People should be aware of the symptoms of addiction if they find themselves spending a lot of money on claw machines, Tainan Municipal An-Nan Hospital psychiatrist Chang Chun-hung (張俊鴻) warned.
Most people can enjoy claw machines as an occasional activity, but those with tendencies toward addiction might find that they are unable to pull themselves away, even if they win prizes, Chang said.
Chang, who is also director of the hospital’s psychiatry department, cited the case of a 35-year-old man surnamed Lin (林), who he treated for severe addiction to claw machines.
Photo: Tsai Ya-hua, Taipei Times
Lin, who worked as an elevator repairman, spent all his money on the machines and even took out a loan to continue using them, Chang said.
Lin turned to theft to fuel his habit — for which he was arrested and charged, costing him his job, Chang said.
In a separate case, a 40-year-old construction worker surnamed Chang (張) spent all of his salary of about NT$20,000 on claw machines, Chang Chun-hung said.
However, after his money was gone and he still did not have the Bluetooth speaker he was after, the construction worker used a strong magnet to maneuver the gadget out of the machine, Chang Chun-hung said, adding that the owner of the arcade reported the incident to the police.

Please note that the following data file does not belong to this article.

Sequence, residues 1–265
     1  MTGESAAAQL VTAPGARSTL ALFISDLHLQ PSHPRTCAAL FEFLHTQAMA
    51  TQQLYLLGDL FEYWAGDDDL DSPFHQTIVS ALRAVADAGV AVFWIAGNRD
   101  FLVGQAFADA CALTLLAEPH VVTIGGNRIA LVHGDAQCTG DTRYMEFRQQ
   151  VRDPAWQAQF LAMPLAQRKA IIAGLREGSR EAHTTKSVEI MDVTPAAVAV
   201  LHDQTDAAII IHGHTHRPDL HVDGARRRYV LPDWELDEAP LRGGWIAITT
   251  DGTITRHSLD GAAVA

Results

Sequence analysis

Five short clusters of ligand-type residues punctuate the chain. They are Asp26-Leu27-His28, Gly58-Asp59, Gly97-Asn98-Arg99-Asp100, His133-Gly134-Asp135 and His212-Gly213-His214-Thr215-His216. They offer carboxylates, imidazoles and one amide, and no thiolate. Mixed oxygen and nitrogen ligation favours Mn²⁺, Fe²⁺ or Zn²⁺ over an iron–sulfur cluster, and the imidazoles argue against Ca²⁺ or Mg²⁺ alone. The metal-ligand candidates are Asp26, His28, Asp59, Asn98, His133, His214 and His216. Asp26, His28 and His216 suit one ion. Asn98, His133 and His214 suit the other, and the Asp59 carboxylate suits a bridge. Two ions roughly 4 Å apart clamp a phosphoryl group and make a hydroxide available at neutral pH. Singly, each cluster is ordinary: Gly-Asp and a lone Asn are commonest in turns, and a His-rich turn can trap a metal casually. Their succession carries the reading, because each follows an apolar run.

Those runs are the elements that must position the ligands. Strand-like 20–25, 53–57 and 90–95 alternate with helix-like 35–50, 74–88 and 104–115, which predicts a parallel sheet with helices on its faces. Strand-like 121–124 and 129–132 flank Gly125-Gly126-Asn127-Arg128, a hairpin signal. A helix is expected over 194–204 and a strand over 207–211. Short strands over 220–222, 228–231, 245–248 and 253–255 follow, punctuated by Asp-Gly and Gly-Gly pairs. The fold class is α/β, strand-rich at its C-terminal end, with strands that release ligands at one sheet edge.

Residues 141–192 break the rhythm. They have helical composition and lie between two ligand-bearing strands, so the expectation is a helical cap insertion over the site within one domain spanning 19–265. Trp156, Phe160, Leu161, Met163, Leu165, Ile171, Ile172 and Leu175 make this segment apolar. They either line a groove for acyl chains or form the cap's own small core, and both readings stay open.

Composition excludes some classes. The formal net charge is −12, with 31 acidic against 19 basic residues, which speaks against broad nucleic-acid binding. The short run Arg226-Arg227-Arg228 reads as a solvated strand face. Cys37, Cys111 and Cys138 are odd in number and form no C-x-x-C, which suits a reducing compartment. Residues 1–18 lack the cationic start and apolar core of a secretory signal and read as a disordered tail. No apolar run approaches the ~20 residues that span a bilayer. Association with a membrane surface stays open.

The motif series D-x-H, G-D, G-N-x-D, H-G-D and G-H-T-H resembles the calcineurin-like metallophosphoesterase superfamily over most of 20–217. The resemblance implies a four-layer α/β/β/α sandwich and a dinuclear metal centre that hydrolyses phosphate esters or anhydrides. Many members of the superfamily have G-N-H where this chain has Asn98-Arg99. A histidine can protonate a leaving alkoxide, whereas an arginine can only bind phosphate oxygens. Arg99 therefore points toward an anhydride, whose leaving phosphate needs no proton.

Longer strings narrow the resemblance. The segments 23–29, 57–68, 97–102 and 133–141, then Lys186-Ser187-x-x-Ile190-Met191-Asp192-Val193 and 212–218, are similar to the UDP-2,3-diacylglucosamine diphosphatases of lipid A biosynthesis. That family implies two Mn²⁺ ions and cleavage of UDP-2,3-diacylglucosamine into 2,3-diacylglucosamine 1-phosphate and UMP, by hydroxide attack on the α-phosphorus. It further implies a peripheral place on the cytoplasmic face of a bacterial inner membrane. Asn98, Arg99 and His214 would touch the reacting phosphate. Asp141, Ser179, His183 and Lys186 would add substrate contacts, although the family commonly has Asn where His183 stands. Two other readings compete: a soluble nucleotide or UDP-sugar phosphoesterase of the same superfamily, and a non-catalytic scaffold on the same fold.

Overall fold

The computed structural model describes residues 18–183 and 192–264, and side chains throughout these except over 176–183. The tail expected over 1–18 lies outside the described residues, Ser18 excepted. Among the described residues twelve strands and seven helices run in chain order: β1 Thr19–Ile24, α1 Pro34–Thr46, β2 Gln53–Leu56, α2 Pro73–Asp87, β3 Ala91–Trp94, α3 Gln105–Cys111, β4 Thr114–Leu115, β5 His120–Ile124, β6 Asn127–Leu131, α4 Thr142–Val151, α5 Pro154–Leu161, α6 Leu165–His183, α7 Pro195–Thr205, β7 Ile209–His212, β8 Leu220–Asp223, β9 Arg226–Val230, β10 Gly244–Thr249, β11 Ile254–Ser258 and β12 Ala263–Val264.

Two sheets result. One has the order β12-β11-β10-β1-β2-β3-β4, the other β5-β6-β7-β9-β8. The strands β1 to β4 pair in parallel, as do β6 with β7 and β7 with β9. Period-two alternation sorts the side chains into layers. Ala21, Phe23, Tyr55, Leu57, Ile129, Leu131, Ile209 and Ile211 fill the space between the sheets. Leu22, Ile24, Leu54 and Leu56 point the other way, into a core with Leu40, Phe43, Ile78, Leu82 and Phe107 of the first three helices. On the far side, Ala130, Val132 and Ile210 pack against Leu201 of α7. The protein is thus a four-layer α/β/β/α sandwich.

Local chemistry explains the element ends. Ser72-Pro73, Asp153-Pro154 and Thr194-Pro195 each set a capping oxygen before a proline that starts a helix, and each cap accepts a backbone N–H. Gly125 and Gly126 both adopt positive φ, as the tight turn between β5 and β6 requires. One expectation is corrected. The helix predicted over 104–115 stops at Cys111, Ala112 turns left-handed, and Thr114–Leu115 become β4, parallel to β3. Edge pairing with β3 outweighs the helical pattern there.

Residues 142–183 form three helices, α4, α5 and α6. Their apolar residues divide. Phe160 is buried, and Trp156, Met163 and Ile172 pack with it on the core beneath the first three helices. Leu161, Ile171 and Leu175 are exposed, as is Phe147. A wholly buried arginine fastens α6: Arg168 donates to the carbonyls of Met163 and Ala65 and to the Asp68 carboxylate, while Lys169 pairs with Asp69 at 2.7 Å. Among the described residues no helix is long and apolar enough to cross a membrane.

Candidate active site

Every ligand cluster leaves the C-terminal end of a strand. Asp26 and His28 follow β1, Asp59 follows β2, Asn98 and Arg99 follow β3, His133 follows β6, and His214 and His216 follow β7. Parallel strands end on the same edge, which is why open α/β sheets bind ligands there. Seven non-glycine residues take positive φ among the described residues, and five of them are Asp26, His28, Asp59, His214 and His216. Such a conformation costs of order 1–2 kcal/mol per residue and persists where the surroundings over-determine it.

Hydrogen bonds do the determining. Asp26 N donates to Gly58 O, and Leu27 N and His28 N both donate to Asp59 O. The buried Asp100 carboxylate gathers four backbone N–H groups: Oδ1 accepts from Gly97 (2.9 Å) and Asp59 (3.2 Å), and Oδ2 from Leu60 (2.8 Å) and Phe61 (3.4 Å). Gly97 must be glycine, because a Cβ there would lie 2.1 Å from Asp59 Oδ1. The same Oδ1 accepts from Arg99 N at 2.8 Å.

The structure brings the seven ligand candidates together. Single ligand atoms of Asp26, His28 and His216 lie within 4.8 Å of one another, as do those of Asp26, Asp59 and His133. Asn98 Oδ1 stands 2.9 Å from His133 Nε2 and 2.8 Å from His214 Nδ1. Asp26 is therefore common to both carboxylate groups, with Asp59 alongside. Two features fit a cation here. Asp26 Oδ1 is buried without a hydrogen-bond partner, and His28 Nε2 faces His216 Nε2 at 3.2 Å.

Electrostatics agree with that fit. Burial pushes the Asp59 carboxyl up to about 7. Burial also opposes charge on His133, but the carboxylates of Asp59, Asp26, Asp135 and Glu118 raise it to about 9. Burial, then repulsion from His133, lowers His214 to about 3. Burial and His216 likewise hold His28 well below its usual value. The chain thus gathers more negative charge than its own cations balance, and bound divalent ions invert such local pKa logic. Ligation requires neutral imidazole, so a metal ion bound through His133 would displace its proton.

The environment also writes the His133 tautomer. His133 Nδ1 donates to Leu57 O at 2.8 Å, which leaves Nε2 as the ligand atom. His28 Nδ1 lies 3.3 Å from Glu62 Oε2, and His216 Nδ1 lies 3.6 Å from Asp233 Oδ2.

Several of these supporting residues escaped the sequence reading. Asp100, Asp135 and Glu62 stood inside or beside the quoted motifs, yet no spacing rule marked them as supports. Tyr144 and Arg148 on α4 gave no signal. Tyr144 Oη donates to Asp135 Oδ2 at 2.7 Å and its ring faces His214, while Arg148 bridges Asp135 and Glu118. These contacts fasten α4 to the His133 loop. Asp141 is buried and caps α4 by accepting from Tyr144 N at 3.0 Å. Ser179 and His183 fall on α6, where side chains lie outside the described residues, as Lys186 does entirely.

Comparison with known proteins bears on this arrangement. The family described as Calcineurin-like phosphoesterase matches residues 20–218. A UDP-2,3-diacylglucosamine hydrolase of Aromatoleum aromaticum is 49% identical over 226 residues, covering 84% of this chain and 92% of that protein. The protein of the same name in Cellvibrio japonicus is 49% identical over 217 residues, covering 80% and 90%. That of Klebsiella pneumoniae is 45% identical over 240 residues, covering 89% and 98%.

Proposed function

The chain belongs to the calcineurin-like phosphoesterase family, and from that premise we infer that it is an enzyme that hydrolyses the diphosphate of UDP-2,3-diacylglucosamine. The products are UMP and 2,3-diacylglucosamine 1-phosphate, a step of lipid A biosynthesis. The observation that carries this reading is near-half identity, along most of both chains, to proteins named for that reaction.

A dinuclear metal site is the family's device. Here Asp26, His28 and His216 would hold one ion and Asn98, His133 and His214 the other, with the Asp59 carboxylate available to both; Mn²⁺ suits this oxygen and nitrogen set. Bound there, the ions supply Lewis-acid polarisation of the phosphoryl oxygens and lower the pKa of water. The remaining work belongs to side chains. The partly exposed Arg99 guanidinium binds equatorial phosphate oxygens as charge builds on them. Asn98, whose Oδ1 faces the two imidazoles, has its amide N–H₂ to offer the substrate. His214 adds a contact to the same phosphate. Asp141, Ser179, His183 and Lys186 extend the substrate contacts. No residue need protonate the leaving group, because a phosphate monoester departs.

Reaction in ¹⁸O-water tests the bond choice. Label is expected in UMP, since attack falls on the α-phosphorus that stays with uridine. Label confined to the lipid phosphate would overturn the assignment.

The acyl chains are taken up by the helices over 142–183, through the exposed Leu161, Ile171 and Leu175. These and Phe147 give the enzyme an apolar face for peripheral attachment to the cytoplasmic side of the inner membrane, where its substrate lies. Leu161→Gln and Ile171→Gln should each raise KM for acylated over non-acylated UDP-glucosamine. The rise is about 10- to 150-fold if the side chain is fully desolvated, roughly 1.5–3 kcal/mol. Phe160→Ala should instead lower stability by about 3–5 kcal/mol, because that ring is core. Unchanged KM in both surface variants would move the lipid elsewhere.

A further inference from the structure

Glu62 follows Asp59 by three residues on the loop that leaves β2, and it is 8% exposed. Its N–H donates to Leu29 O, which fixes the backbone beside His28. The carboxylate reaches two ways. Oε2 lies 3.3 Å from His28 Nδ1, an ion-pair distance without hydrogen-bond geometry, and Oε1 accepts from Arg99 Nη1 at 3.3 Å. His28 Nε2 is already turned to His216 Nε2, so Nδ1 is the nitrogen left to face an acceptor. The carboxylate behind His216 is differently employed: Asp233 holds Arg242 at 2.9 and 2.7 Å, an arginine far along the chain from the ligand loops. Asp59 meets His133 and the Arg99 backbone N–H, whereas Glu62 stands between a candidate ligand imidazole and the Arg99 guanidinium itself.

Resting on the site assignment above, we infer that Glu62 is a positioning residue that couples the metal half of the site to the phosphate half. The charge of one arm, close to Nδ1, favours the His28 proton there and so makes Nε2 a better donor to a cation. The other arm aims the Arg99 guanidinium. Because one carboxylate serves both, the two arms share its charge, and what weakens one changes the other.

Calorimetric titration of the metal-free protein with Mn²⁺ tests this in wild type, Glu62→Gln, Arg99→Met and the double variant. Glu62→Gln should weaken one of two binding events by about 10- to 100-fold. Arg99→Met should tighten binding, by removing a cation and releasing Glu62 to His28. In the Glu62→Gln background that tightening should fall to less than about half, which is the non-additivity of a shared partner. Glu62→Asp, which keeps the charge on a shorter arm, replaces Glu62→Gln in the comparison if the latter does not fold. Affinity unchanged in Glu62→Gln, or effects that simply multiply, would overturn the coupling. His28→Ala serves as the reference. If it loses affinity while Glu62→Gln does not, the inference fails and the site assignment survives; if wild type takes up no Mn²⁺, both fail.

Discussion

An explanation for the popularity of claw machines could be the psychological effects of the “cute” figurines they often contain, the psychiatrist said.
People are also drawn to bright and colorful objects, he said, citing research involving newborns.
The upbeat music that claw machine parlors usually play also motivates people to spend, he said.
Research has uncovered new triggers for pleasure centers in the brain, and there is speculation that claw machines trigger these, releasing dopamine, he said.
As with other addictions, those who become hooked on claw machines might find that they are drawn to more expensive or challenging machines, he said.
Furthermore, people might experience withdrawal symptoms or a sense of helplessness over their perceived irrationality, Chang Chun-hung said.
It is common for people with an addiction to have other conditions, he said. More than half of young people with addictions also show signs of depression or attention deficit hyperactivity disorder.
Both conditions must be addressed at the same time for treatment to be effective, he said, adding that it did not necessarily require medication.
Those who find themselves unable to stop using claw machines — or stop other behaviors — should consult a psychiatrist, such as those at his hospital, he said.
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